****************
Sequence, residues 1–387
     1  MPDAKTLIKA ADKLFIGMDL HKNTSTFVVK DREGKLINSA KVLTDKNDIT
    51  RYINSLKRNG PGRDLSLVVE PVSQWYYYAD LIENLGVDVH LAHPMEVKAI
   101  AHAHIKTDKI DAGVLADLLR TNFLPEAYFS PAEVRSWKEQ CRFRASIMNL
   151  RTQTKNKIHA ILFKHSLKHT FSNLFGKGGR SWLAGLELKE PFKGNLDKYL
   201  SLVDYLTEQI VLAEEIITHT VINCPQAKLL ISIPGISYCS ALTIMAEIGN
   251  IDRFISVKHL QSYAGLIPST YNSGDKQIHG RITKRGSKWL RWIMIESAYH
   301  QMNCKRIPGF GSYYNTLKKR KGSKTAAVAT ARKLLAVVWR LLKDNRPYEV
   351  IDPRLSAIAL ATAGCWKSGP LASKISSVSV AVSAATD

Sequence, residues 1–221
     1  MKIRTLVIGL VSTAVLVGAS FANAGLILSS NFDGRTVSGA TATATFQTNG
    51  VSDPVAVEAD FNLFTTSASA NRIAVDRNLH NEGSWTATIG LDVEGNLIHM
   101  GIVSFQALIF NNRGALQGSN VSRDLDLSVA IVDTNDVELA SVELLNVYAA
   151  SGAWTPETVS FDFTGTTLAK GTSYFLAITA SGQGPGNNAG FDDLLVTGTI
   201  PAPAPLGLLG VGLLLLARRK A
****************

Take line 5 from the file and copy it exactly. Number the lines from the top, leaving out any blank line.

   151  RTQTKNKIHA ILFKHSLKHT FSNLFGKGGR SWLAGLELKE PFKGNLDKYL